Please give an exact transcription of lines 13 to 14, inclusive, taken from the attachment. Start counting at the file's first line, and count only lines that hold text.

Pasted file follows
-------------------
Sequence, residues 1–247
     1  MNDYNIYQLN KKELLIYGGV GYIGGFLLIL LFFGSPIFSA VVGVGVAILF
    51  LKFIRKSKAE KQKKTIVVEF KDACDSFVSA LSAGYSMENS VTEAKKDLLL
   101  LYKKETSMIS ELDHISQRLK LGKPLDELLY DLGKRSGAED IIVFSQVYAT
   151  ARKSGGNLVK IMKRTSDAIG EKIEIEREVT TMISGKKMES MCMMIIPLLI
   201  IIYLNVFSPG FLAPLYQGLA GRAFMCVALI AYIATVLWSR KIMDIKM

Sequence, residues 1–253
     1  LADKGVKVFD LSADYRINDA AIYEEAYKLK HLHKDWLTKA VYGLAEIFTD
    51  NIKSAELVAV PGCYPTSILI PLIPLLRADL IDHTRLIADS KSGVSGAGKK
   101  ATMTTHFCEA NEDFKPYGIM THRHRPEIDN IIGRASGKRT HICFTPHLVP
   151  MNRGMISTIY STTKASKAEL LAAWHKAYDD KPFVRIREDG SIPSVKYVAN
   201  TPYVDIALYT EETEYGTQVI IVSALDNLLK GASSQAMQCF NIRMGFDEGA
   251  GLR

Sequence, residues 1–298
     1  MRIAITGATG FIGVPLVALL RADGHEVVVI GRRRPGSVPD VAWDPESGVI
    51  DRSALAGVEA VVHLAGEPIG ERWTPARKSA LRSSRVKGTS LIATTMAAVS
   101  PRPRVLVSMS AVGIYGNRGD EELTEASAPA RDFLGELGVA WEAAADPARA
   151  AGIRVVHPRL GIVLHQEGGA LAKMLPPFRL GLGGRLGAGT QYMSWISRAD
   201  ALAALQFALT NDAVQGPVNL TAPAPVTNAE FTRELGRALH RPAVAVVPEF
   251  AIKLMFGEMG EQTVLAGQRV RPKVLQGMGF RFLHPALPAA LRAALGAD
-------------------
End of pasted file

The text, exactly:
   251  GLR

Sequence, residues 1–298